NATO stronger, more meaningful with Turkey, says defense minister
"NATO is stronger, more meaningful with Turkey, and questioning Turkey is meaningless," Hulusi Akar told Anadolu Agency's Editor's Desk in the capital Ankara.
Akar added that when Turkey asserts its interests and rights in a NATO venue, this should not be perceived as a stance against the alliance.
"Our southern borders are also NATO's southern borders. So protection of our southern borders is also for the security of NATO and Europe," he added.
Referring to Turkey-Libya maritime pact, Akar reiterated that it was signed to defend the rights of the two sovereign countries, and does not pose a threat on neighboring countries.
"Greece's move to expel Libya envoy over Turkey-Libya maritime pact is a sign of weakness," Akar said.
Signed on Nov. 27 and passed by Turkey's parliament, the memorandum determining both countries' maritime jurisdictions rejects unilateral and illegal activities by other regional countries and international firms and aims to protect the rights of both countries in line with the international law of the sea.
The entire world must know that YPG is a terror group, Akar said, stressing that the YPG/PKK terror group in northern Syria is the same as the terrorist PKK.
Speaking on Turkey's latest anti-terror operation in northeast Syria, he said with Operation Peace Spring in northern Syria, almost 145-km (90-mile) long, 30-km (18.6-mile) deep region is under Turkish control.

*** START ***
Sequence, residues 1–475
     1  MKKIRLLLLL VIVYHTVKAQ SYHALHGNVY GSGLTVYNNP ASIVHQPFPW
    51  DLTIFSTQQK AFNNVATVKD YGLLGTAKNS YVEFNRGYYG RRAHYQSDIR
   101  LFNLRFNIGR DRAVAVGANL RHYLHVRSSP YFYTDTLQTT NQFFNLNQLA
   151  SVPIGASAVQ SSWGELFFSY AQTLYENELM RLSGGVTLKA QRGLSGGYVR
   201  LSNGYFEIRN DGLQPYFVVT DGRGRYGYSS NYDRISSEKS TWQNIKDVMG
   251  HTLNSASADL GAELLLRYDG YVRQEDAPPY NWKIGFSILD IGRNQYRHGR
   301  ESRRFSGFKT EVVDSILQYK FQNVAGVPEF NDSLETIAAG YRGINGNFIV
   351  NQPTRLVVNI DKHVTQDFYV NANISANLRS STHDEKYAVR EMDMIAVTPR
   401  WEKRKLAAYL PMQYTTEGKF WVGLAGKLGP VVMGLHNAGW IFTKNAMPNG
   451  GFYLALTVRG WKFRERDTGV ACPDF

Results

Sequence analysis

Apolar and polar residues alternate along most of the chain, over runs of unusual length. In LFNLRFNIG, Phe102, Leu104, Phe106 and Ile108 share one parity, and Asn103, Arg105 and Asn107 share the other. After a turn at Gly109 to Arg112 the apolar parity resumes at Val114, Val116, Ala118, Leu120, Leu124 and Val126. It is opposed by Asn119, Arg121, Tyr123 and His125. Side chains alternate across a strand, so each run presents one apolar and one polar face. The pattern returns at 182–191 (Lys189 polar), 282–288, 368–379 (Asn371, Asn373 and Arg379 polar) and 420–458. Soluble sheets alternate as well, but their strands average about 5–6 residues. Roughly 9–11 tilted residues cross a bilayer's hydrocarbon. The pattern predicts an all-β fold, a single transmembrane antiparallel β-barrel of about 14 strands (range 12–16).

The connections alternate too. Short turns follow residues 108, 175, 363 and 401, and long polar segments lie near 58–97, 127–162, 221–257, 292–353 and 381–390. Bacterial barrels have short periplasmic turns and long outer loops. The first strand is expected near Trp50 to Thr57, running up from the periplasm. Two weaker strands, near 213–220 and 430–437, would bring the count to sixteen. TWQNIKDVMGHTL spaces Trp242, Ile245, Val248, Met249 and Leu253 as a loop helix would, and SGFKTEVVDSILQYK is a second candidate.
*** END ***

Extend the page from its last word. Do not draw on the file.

He noted that Syrian National Army (SNA) is fighting side by side with Turkey to neutralize terrorists and to clear the territory from terrorists in northern Syria.
Turkey on Oct. 9 launched Operation Peace Spring to eliminate YPG/PKK terrorists from northern Syria east of the Euphrates River in order to secure Turkey’s borders, aid in the safe return of Syrian refugees, and ensure Syria’s territorial integrity.
Under two separate deals with the U.S. and Russia, Turkey paused the operation to allow the withdrawal of YPG/PKK terrorists from the planned northern Syria safe zone.
Ankara wants to rid the YPG/PKK terrorists to withdraw so the safe zone can be created to allow for the safe return of some two million refugees.
S-400, F-35 issues
Referring to the latest situation on the establishment of S-400 air-defense system, Akar said that setting up S-400 system and personnel training are currently ongoing and activities on S-400 missiles will be conducted as planned.
Opposing deployment of the Russian system, U.S. officials claimed they (S-400s) would be incompatible with NATO systems and would expose its F-35 jets to possible Russian subterfuge.
Turkey, however, stressed that the S-400 would not be integrated into NATO systems, and posed no threat to the alliance or its armaments.
Turkey also proposed a commission to clarify any technical issues, but the U.S. has failed to respond.
Ankara has also rebuffed suggestions from U.S. leaders that Turkey leaves the Russian S-400 system unactivated in order to avoid possible U.S. sanctions.
The S-400 is seen as one of the most advanced missile systems in the world, capable of tracking several targets simultaneously.
Noting that Turkey is a partner, not a customer of F-35 joint strike fighter program, Akar stressed that Turkey has fulfilled all its responsibilities as a partner.
Turkey's acquisition of the advanced Russian S-400 air-defense system prompted Washington to remove Turkey from the F-35 fifth-generation joint strike fighter program this July.
The U.S. maintains that the system could be used by Russia to covertly obtain classified details on the jet.
In 2017, Turkey decided to purchase the S-400 air-defense system from Russia after years of talks with the Obama administration to buy the Patriot missile system ended without a deal.